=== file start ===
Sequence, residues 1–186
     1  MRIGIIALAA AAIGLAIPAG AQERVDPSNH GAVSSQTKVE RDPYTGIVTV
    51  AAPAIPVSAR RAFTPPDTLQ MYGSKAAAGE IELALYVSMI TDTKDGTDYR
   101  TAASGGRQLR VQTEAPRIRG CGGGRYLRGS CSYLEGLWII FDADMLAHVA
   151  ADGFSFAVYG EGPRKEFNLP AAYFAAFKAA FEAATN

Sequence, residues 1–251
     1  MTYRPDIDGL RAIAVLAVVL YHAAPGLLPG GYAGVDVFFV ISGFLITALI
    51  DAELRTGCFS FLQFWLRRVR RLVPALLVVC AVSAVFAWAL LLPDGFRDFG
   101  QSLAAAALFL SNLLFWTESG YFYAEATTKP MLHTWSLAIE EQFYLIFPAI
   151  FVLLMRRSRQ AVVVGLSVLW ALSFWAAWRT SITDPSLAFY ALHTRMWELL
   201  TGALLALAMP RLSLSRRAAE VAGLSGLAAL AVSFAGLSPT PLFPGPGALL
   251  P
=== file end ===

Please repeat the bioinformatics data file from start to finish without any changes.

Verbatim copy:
Sequence, residues 1–186
     1  MRIGIIALAA AAIGLAIPAG AQERVDPSNH GAVSSQTKVE RDPYTGIVTV
    51  AAPAIPVSAR RAFTPPDTLQ MYGSKAAAGE IELALYVSMI TDTKDGTDYR
   101  TAASGGRQLR VQTEAPRIRG CGGGRYLRGS CSYLEGLWII FDADMLAHVA
   151  ADGFSFAVYG EGPRKEFNLP AAYFAAFKAA FEAATN

Sequence, residues 1–251
     1  MTYRPDIDGL RAIAVLAVVL YHAAPGLLPG GYAGVDVFFV ISGFLITALI
    51  DAELRTGCFS FLQFWLRRVR RLVPALLVVC AVSAVFAWAL LLPDGFRDFG
   101  QSLAAAALFL SNLLFWTESG YFYAEATTKP MLHTWSLAIE EQFYLIFPAI
   151  FVLLMRRSRQ AVVVGLSVLW ALSFWAAWRT SITDPSLAFY ALHTRMWELL
   201  TGALLALAMP RLSLSRRAAE VAGLSGLAAL AVSFAGLSPT PLFPGPGALL
   251  P